- FBC with WBC differential – to find infections.
- ESR – to find inflammation.
- Urine toxicology screen – alcohol and drug use.
- Urea, Creatine, Electrolytes – for kidney dysfunction.
- Blood glucose – for diabetes.
- Calcium – for low or elevated levels.
- Phosphorus – possible bone and liver disease.
- TSH – for hypothyroidism.
- Total protein, albumin, and globulin – to find liver disease, infection and malignancies.
- Gluten sensitivity – for celiac disease.
- Creatine kinase – may find cardiac disease.
- CRP – to find inflammation.
The most common medical and psychological conditions found when attempting to diagnose fatigue are sleep disorders, infectious diseases, sleep apneas, depression, cardiovascular diseases, endocrine disorders, drugs, toxins, and the behavioral habits which contribute to these conditions:
- Stimulants – caffeine, nicotine, alcohol, quinine, tobacco, drug intoxication or withdrawal.
- Sleep disorders – insomnia, sleep apnea, periodic limb disorder, restless legs syndrome, sleep phase disorders like shift work and jet lag.
- Psychological – panic attacks, recurrent nightmares, post-traumatic stress disorder, depression, major depressive disorder, and somatization disorder.
- Prescription drugs – beta-blockers, theophylline, stimulants, decongestants, thyroid hormone, corticosteroids, SSRIs, monoamine oxidase inhibitors, and phenytoin.
- Hematological disorders – anemia, chronic myeloid leukemia, and lymphoma.
- Cardiovascular disease – heart failure, atrial fibrillation, myocardial infarction, and myocardial ischemia.
- Endocrine disorders – hypothyroidism, hyperthyroidism, diabetes mellitus, Addison’s disease, vitamin D deficiency, hypopituitarism, acromegaly, growth hormone deficiency, hyperthyroidism, Cushing’s syndrome, and diabetes insipidus.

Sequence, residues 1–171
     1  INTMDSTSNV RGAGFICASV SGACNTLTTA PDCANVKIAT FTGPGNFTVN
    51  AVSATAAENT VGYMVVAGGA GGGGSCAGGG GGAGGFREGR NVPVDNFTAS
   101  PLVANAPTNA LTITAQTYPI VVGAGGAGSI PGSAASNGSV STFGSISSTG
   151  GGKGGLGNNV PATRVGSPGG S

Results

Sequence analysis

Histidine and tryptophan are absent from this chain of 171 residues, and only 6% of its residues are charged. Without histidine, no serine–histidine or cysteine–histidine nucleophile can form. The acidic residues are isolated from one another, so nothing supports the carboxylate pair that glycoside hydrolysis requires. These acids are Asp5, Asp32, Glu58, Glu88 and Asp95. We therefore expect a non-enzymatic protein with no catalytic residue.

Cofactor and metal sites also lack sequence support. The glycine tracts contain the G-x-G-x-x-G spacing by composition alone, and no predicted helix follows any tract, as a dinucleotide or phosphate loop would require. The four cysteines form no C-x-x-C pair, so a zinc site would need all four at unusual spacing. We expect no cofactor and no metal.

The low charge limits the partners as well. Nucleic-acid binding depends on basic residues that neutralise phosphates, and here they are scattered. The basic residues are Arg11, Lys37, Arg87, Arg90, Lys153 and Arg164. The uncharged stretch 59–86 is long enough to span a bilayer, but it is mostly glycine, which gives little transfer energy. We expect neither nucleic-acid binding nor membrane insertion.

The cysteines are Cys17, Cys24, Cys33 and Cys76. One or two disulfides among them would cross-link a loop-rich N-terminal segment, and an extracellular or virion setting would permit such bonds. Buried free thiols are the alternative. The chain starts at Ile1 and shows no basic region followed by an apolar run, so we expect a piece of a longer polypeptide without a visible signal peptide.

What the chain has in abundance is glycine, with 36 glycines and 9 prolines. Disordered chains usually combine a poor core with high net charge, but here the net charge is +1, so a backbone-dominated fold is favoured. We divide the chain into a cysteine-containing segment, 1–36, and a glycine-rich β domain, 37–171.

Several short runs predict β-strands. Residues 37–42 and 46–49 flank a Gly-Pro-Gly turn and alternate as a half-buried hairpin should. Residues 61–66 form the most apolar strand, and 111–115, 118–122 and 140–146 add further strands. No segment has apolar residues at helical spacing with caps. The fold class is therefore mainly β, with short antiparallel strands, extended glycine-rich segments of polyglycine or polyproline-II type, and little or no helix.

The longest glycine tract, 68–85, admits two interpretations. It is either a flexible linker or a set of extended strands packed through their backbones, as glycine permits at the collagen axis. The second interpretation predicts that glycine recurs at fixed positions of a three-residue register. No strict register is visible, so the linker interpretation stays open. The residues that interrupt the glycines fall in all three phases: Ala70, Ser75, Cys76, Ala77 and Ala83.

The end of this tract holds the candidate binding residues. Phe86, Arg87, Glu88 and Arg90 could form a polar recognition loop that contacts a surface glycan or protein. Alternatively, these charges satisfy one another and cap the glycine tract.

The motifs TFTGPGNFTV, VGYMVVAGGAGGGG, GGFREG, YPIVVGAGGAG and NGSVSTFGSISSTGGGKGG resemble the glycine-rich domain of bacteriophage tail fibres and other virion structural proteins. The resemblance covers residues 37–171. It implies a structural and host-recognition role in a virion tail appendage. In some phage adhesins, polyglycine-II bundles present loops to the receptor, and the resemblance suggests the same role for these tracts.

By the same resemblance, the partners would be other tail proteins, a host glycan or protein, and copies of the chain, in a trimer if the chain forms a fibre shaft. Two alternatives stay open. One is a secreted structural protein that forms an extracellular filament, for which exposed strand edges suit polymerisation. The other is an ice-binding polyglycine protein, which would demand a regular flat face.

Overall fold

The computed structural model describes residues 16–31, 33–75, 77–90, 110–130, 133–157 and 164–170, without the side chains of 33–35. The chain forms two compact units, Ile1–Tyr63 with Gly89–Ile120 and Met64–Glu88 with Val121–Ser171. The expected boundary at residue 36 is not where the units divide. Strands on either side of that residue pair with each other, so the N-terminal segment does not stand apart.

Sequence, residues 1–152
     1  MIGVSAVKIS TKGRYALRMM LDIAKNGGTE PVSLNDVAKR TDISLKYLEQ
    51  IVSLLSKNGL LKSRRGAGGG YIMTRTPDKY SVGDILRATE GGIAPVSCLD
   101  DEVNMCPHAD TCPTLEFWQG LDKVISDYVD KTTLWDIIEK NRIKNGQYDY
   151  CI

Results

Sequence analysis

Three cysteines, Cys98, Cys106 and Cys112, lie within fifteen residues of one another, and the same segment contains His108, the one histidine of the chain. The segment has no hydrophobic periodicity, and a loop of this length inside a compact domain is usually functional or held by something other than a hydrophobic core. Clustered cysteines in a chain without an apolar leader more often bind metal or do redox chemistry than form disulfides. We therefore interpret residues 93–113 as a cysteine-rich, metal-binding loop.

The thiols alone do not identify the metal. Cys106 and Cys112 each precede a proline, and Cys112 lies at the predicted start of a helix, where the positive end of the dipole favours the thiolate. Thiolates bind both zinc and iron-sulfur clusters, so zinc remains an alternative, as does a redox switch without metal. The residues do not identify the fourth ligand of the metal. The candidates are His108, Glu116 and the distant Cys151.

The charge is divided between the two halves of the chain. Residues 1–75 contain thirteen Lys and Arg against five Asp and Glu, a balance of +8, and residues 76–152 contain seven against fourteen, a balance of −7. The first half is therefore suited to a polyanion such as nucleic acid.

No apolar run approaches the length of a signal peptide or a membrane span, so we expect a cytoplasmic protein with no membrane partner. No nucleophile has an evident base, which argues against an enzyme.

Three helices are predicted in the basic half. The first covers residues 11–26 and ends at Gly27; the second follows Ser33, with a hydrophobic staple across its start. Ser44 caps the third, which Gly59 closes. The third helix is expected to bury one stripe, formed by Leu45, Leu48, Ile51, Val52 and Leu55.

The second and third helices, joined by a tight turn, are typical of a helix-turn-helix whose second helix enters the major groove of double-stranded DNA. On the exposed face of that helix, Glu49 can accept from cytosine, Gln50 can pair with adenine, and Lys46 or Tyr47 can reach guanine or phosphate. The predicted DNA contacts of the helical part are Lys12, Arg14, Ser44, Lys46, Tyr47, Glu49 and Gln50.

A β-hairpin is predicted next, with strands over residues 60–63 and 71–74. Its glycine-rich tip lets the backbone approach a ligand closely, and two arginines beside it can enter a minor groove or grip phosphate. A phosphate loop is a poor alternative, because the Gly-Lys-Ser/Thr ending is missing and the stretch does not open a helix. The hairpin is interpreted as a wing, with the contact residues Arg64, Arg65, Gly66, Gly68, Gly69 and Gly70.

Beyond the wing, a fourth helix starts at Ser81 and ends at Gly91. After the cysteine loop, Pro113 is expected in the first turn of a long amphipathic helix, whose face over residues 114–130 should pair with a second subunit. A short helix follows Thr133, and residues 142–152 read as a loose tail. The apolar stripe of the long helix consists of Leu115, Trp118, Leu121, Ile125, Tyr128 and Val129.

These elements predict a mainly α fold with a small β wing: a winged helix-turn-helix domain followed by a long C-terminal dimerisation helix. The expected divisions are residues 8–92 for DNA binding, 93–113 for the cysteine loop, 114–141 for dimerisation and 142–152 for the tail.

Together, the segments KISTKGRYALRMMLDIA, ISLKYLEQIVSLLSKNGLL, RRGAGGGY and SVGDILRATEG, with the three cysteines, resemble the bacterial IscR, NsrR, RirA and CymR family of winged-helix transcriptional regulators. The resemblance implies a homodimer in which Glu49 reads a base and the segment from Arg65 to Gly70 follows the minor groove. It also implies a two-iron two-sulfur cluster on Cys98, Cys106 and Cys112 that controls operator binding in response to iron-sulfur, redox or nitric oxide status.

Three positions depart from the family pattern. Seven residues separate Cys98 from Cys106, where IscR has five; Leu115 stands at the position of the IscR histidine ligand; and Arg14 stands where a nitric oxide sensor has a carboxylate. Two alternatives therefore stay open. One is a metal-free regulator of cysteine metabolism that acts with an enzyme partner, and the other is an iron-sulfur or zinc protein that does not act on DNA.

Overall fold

- Infectious disease – EBV also known as mononucleosis, HIV infection, Lyme disease, cytomegalovirus, toxoplasmosis, brucellosis, tuberculosis, and chlamydia.
- Pulmonary disease – chronic obstructive pulmonary disease (COPD), asthma, and pleural disease.
- Gastrointestinal disorders – celiac disease, chronic liver disease, and inflammatory bowel disease (IBS).
- Neurological disorders – Parkinson’s disease, stroke, and Multiple Sclerosis.
- Rheumatological disorders – fibromyalgia, arthritis, and rheumatoid arthritis.
- Cancer – all types of cancer.
Diagnostic Criteria for CFS
When none of the previously mentioned diseases, disorders and conditions explains fatigue, the fatigue lasts more than 6 months and 4 out of the following 8 symptoms are present, the diagnostic criteria for CFS is considered met:
- Memory or concentration difficulties
- Sore throat
- Tender lymph nodes/glands
- Muscular pain
- Joint stiffness
- Sleep disorders
- Fatigue which lasts longer than 24 hours, after exertion.
Treatment of fatigue consists of management of the cause, medical or psychological. Lifestyle, behavior and workplace stressor improvements may provide some relief for those without a medical or psychological cause of fatigue. For CFS patients, however, treatment strategies seek to manage symptoms and improve functional abilities.
Individuals with fatigue and CFS may benefit from customized and individual treatment plans, as long term management may be necessary. Care should be taken to set the patient up for success with convenient options, physician access, telephone, email and online support as CFS waxes and wanes over time. Assessments should be conducted in regular intervals and patients monitored for worsening symptoms. Psychological symptoms especially may become problematic, with depression developing due to reduced functional abilities.
Specific treatment for CFS includes:
- Sleep hygiene – discouraging prolonged bed rest, initiating and maintaining a sleep schedule, finding relaxing behaviors before bed, and the elimination of stimulating behaviors can be helpful.